The Modi-led government passed amendments to this bill in the Lok Sabha in May that substantially dilute the provisions of the existing Act. On the pretext of protecting ‘national security’, the amendment has removed the clause that protected whistleblowers from prosecution under the Official Secrets Act (OSA). It has drawn up a long list of restrictions that cannot be disclosed, and therefore do not entitle the whistleblower for protection. So if whistleblowers bring forward corruption in any of these domains, they can be prosecuted under OSA, even if their disclosure is found to hold water. And the very fact that the reference to OSA has been dropped will discourage bureaucrats from making disclosures on any issue, as it effectively takes away the ‘safe option to silence’, the very principle that underlies all legislation for Whistleblowers protection. By this single amendment, the very intent behind this legislation has been overturned.
Of course national security is important. Conditions could have been included for such disclosures to be made to specific institutions in sealed envelopes. Yet that was not done. What have been introduced are two provisos that can be used to scuttle any investigation on the pretext of ‘national security’. First, in the new Bill anyone specified as the ‘designated authority’ by the government has the right to a final decision as to whether any issue pertains to national security, and that decision is binding. Second, information that pertains to ‘national security’ has been defined in an extremely broad manner as that which can ‘…affect the sovereignty and integrity of India, the security, strategic, scientific or economic interests of the state, relations with foreign state, or lead to incitement of an offence.’ With these two provisions in place, lies the possibility of halting any uncomfortable investigation under the garb of a threat to national security.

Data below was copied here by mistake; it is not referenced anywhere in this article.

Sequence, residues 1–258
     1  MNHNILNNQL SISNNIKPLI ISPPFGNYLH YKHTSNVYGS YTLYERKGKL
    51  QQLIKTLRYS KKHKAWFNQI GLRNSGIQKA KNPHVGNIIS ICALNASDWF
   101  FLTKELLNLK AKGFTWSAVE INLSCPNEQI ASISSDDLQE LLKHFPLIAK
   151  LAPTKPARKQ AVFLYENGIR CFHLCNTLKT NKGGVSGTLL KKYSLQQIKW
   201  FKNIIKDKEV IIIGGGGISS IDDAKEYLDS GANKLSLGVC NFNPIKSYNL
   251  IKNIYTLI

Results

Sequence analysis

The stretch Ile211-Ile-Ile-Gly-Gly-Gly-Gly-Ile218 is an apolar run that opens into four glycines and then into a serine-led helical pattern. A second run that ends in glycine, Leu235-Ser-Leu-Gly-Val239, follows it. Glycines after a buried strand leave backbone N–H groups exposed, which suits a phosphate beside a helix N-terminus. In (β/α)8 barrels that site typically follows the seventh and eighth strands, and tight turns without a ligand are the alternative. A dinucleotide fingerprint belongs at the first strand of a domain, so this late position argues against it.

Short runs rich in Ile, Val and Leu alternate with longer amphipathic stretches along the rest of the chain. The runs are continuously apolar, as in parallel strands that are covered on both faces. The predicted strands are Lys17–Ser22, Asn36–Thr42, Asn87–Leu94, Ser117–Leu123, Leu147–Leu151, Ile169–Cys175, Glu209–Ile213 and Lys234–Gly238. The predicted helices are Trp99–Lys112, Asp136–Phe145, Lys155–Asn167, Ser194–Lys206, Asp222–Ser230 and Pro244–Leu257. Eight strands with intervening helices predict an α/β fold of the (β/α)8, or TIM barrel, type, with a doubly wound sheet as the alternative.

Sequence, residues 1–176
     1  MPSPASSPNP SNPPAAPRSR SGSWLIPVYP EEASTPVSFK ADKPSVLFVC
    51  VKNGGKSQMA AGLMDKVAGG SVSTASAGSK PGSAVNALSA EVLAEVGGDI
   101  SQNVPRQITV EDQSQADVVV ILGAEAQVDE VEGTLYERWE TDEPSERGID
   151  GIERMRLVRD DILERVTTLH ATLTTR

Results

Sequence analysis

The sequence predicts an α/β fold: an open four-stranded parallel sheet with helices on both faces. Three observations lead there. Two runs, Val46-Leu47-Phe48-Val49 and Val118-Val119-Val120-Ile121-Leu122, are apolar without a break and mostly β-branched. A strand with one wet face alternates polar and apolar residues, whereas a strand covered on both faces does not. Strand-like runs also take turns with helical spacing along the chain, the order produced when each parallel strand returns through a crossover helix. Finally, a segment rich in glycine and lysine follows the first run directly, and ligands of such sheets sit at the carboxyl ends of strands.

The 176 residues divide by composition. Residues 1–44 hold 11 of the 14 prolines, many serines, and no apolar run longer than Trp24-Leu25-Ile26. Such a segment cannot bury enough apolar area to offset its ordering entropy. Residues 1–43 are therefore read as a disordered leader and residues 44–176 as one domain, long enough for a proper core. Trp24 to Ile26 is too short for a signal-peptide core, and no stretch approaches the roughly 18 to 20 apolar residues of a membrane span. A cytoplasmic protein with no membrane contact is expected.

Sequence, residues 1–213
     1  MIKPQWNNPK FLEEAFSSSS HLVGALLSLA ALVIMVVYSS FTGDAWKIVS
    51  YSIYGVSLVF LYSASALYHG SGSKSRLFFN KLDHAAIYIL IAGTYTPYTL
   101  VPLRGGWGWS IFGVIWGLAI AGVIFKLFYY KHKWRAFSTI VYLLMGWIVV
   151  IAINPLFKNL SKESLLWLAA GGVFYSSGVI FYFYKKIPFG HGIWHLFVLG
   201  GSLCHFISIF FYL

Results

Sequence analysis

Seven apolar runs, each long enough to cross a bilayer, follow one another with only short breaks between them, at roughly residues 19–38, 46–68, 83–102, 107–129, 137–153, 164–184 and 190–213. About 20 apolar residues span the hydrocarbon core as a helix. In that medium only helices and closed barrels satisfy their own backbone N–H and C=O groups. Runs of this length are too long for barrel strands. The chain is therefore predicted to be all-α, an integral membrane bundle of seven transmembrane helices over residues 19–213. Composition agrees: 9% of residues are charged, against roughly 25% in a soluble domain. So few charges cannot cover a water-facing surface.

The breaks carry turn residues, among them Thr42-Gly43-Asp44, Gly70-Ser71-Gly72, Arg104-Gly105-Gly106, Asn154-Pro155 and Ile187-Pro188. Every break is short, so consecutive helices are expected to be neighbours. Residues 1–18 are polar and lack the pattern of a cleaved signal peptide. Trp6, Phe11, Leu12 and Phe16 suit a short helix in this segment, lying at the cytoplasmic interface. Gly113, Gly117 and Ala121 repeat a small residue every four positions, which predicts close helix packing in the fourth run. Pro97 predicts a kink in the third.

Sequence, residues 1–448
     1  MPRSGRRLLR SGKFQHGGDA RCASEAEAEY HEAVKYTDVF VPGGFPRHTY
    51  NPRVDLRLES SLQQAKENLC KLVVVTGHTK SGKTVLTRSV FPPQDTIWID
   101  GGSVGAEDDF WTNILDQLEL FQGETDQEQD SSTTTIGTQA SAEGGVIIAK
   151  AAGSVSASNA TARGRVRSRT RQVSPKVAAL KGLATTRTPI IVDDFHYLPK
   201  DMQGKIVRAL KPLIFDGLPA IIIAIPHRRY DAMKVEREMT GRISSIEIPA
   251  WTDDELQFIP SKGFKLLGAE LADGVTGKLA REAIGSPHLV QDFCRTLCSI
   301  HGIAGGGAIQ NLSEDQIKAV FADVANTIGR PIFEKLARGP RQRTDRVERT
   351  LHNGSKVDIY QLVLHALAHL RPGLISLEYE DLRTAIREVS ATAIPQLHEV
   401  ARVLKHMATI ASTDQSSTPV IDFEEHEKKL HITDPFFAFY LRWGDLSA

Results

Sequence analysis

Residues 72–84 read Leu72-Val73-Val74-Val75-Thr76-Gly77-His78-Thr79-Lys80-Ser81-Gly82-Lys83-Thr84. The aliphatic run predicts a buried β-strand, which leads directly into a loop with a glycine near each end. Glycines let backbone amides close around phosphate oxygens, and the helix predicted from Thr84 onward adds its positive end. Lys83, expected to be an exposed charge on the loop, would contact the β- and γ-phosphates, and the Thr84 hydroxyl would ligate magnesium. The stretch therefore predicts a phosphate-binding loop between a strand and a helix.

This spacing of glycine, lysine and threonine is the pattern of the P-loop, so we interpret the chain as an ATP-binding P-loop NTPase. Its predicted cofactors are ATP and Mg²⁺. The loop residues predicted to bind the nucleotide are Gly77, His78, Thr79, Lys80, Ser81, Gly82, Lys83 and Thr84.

When asked about the threat to whistleblowers, the Minister of State, Jitender Singh, who tabled this amendments said that the ‘designated authority…has not come across any attack/killing of (whistleblowers)…since April 2014.’ Absolutely. We all know that whistleblowers, witnesses and RTI activists all die natural or accidental deaths. None of them are attacked or murdered. They just seem to be more prone to the risk of natural deaths. And now with the new amendments, whistleblowers face a new risk, that of prosecution under the ‘Official Secrets Act’. Is the intent of the government to discourage whistleblowers from exposing corruption? If these amendments get made into law, the nexus of corrupt and powerful would have succeeded yet again in protecting themselves from being exposed. In the fight against corruption, the battle lines are drawn clearly: you are either on the side of whistleblowers, RTI activists, encouraging and protecting them and punishing the corrupt or you are on the wrong side.On which side are you, Mr. Modi?
(Atishi Marlena is an Advisor to the Govt of NCT Delhi. Views expressed are personal)